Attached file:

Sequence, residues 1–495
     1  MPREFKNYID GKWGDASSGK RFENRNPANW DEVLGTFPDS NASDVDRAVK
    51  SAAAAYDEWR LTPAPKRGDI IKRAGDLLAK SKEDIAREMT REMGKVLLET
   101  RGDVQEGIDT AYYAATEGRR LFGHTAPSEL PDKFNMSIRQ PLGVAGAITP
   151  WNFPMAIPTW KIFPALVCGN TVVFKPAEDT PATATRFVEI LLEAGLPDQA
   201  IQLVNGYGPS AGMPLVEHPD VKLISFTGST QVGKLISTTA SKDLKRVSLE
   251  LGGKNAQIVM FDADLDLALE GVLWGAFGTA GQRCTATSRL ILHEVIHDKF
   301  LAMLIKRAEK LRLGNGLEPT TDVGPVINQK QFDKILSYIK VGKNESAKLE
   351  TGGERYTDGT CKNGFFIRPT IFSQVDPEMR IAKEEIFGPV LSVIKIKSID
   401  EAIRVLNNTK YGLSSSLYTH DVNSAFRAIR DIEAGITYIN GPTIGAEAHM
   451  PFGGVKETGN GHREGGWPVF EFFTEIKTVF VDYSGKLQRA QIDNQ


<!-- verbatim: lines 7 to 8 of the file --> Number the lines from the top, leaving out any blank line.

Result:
   251  LGGKNAQIVM FDADLDLALE GVLWGAFGTA GQRCTATSRL ILHEVIHDKF
   301  LAMLIKRAEK LRLGNGLEPT TDVGPVINQK QFDKILSYIK VGKNESAKLE